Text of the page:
• Chapter 5. CodePeer - Beyond Bug-finding with Static Analysis -- 5.1. Positioning of CodePeer -- 5.1.1. Mixing static checking and code understanding -- 5.1.2. Generating contracts by abstract interpretation -- 5.2. A tour of CodePeer capabilities -- 5.2.1. Find defects in code -- 5.2.2. Using annotations for code reviews -- 5.2.3. Categorization of messages -- 5.2.4. Help writing run-time tests -- 5.2.5. Different kinds of output -- 5.3. CodePeer's inner working -- 5.3.1. Overview -- 5.3.2. From Ada to SCIL -- 5.3.3. Object identification -- 5.3.4. Static single assignment and global value numbering -- 5.3.5. Possible value propagation -- 5.4. Conclusions -- 5.5. Bibiliography -- Chapter 6. Formal Methods and Compliance to the DO-178C/ED-12C Standard in Aeronautics -- 6.1. Introduction -- 6.2. Principles of the DO-178/ED-12 standard -- 6.2.1. Inputs of the software development process -- 6.2.2. Prescription of objectives -- 6.3. Verification process -- 6.4. The formal methods technical supplement -- 6.4.1. Classes of formal methods -- 6.4.2. Benefits of formal methods to meet DO-178C/ED-12C objectives -- 6.4.3. Verification of the executable code at the source level -- 6.4.4. Revision of the role of structural coverage -- 6.4.5. Verification of the completeness of requirements and detection of unintended functions -- 6.5. LLR verification by model-checking -- 6.6. Contribution to the verification of robustness properties with Frama-C -- 6.6.1. Introduction to Frama-C -- 6.6.2. Presentation of the case study -- 6.6.3. Analysis process of the case study -- 6.6.4. Conclusion on the case study -- 6.7. Static analysis and preservation of properties -- 6.8. Conclusion and perspectives -- 6.9. Appendices -- 6.9.1. Automatically annotating a source code -- 6.9.2. Automatically subdividing input intervals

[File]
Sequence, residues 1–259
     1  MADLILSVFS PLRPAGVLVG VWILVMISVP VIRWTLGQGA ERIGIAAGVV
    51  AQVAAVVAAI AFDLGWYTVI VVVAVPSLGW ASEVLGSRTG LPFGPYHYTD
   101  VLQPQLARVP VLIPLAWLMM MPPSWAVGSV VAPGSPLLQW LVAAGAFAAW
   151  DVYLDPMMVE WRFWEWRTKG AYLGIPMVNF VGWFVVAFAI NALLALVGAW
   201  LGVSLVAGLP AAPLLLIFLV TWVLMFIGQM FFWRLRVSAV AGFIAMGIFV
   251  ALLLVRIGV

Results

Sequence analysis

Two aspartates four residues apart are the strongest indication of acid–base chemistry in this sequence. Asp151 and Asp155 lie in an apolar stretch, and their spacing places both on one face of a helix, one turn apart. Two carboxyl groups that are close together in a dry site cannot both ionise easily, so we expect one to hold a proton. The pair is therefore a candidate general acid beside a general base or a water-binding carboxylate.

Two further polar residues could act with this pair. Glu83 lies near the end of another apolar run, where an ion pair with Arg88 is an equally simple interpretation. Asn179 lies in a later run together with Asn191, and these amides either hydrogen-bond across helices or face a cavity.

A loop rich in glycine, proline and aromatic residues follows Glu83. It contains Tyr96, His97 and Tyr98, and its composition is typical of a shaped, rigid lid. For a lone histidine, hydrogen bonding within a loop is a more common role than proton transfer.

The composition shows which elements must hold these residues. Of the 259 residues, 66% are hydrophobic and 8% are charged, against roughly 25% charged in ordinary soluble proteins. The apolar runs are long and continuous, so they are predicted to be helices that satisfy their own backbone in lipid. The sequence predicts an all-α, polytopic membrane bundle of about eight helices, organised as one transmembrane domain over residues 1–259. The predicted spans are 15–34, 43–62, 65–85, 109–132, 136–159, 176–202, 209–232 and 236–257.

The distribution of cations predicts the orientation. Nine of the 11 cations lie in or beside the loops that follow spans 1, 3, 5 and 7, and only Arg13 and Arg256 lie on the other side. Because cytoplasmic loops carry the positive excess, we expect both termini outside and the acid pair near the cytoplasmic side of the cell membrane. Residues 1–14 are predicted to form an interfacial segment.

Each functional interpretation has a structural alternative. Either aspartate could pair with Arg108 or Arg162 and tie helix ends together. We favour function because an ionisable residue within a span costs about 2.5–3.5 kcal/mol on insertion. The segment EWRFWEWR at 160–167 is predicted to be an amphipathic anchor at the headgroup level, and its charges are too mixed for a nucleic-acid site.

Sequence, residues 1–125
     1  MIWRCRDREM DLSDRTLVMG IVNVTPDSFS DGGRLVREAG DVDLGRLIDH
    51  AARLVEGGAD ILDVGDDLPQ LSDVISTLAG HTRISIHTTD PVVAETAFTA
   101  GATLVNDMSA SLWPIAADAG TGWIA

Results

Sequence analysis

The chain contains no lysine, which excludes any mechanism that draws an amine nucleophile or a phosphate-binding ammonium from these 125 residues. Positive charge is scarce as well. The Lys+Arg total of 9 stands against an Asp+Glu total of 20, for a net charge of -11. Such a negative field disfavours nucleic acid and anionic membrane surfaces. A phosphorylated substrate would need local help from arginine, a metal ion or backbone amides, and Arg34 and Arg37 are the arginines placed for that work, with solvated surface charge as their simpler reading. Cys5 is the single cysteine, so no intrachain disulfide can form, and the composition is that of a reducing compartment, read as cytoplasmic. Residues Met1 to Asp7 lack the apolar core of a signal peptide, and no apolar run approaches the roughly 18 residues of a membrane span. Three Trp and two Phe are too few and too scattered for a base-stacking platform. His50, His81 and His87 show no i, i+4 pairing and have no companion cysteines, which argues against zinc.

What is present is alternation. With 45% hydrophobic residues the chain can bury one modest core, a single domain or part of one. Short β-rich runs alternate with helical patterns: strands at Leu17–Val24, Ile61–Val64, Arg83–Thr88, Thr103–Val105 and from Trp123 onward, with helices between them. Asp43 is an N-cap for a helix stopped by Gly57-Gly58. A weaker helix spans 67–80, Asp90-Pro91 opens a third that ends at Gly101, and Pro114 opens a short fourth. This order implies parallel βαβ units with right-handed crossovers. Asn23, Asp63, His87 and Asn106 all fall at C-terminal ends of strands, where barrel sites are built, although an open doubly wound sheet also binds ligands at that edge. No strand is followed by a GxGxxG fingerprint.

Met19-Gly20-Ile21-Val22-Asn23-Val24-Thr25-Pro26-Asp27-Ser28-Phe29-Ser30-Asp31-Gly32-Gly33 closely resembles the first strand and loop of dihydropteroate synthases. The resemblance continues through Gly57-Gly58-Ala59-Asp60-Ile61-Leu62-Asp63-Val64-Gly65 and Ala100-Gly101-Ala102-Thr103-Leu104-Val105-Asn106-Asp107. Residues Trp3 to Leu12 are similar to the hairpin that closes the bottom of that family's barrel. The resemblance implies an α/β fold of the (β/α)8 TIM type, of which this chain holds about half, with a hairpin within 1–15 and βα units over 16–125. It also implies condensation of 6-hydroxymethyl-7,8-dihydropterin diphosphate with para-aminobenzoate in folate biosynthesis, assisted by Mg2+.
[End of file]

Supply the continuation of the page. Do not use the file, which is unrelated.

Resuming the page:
• 6.9.3. Introducing cut strategies for deductive verification -- 6.9.4. Combining abstract interpretation, deductive verification and functions which can be evaluated in assertions -- 6.9.5. Validating ACSL lemmas by formal calculus -- 6.9.6. Combining static and dynamic analysis -- 6.9.7. Finalizing -- 6.10. Acknowledgements -- 6.11. Bibliography -- Chapter 7. Efficient Method Developed by Thales for Safety Evaluation of Real-to-Integer Discretization and Overflows in SIL4 Software -- 7.1. Introduction -- 7.2. Discretization errors in the embedded code production chain -- 7.2.1. Presentation of the issue -- 7.2.2. Objective of the analysis of the real-to-integer discretization -- 7.3. Modeling of the creation and propagation of uncertainties -- 7.3.1. Creation of uncertainties -- 7.3.2. Propagation of uncertainties -- 7.4. Good practice of an analysis of real-to-integer discretization -- 7.4.1. Code extraction -- 7.4.2. Functional code reorganisation -- 7.4.3. Algorithmic breakdown in basic arithmetic relations -- 7.4.4. Computation of uncertainties -- 7.5. Arithmetic overflow and division by zero -- 7.5.1. Analysis of arithmetic overflow risk -- 7.5.2. Analysis of the risk of division by zero -- 7.6. Application to a rail signalling example -- 7.6.1. General presentation of the communication-based train controller system -- 7.6.2. Example of analysis of the behavior of speed control -- 7.6.3. Industrial scale view: a few numbers -- 7.7. Conclusion -- 7.8. Annexe: proof supplements -- 7.8.1. Proof 1: existence and unicity of integer division -- 7.8.2. Proof 2: framing the error of integer division -- 7.8.3. Proof 3: rules of the arithmetic of uncertainty intervals -- 7.8.4. Proof 4: framing of uncertainties from a product -- 7.9. Bibliography -- Conclusion and Viewpoints -- Glossary -- List of Authors -- Index